protect the victim. When the abuser's messages are reinforced by society, the children may feel safer if they take the abuser's side, even if this makes them feel guilty. If the children remain loyal to the victim, they worry about what the abuser will do and whether it is their fault. Mutual orders also prevent the children from understanding what is going on, and hence from beginning to heal. Confuses the Community and Keeps Violence Private. Mutual orders reinforce society in ignoring domestic violence. The community is effectively told that domestic violence is a minor matter, one that isjust between the parties involved, and that it is not important to know who abused whom or how serious the abuse was. Mutual orders keep the community as well as the family involved from recognizing the abuser's fault and holding him responsible. This judicial failure to hold the abuser accountable further encourages the community to not get involved and not help the victim, thus, guaranteeing that society will continue to encourage domestic violence. Anthropologists have long told us that there are non-violent societies where men do not batter women. What distinguishes these societies is an atmosphere characterized by cooperation, commitment, sharing and equality. In societies where men do not beat women, women do not beat men, and although divorce is equally easy for both men and women to obtain, divorce is quite rare. If a woman is beaten in a nonviolent society, the entire community immediately intervenes, taking her side. David Levinson, Family Violeiw in Cross-CulturalPenpectives 103- 04 (Sage, 1989). The abuser gains nothing from his abuse, whereas his victim receives all of the support and sympathy, the exact opposite ofwhat happens when mutual orders are issued. (Of course, a similar injustice happens if only one order is issued that is directed against the victim.) Mutual Orders Are Worse Than No Order and Endanger the Victims Confuses Police. Mutual orders confuse the police and give them no guidance on which party is guilty. Unless the police have witnessed the entire transaction, it is often impossible for them to know which party violated an order that directs both parties to stay away from each other, not interfere with the personal liberty of the other, and not contact the other. Usually such orders give the police no guidance on how to enforce the order, with the result that when police are summoned, they either do nothing, or threaten to or actually arrest both parties. Police Confusion Results in Inappropriate Responses. When police are confused and do not know how to respond, the results are problematical. When police tell the real victim that no help will be given regardless of the abusiveness of the barterer, the victim learns that nobody will help her, no matter how serious the danger. This leaves the victim with no one to rely on. It also teaches the abuser that nobody cares about or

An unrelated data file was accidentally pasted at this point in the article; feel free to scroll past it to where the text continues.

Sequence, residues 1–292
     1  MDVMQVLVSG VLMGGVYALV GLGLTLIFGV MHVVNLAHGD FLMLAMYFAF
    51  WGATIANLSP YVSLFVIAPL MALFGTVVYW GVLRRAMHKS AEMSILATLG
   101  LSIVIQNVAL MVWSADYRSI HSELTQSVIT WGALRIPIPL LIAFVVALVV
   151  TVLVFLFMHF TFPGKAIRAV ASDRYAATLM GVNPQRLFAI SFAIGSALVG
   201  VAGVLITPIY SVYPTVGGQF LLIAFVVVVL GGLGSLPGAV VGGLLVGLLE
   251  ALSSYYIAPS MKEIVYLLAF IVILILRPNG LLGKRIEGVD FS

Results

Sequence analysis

is going to help the victim, reinforcing the abuser's belief that it is acceptable to beat and terrorize the victim. When police threaten to or do arrest both parties, the victim learns that help will only be given at an unfair and unacceptable price to the victim, i.e., the victim's arrest. Unforturrately, many batterers are quite willing to risk their own arrest if their victim will also incur punishment. For these abusers, arresting both parties is not a deterrence, but may actually encourage them to continue and even escalate their violence. This is a subversion of the legislature's intent in enacting the domestic violence statute. Dual Arrests Are Much Harder on the Victim. When both parties are arrested, the victim is far more likely to spend more time injail, particularly when the victim is female and the abuser is male. Victims are likely to have less money and less access to money than are abusers, and as a result are less able to be bailed out ofjail. Victims are also less likely to have a support network of family or ftiends who can help bail them out ofjail; abusers tend to isolate their victims from any potential emotional support by, for example, being inhospitable to those who might support the victim. Having less money, the victim is less likely to be able to afford a lawyer. Even if the victim is indigent, the court will not appoint a defense attorney before the arraignment. As most gender bias studies have shown, women's jails are usually located fi-irther from the courthouse than are those housing men. Most attorneys practicing criminal law have far more clients in the men'sjails and prisons, so it is usually less convenient for them to go see their imprisoned women clients. Partly as a result of the distance and inconvenience factors, attorneys spend considerably less time interviewing theirjailed female clients than their jailed male clients facing similar charges. Given that battered women are more likely to languish injail awaiting trial than their male batterers, their cases are likely to seriously suffer as a result of less preparation. In addition, those abusers who are out ofjail while their victims remain locked up, are better suited to bolster their cases, threaten witnesses who might support the victims' side, or destroy exculpatory evidence. Because many attorneys do not take their female clients as seriously, they tend to believe the "mutual abuse" theory. Also, many attorneys become overconfident that a battered woman has a winning case, and as a result, they do not investigate or prepare the case and witnesses adequately. At the same time, fear for their children will make most battered women far more concerned aboutjust ending the ordeal, even if that means pleading guilty. If a battered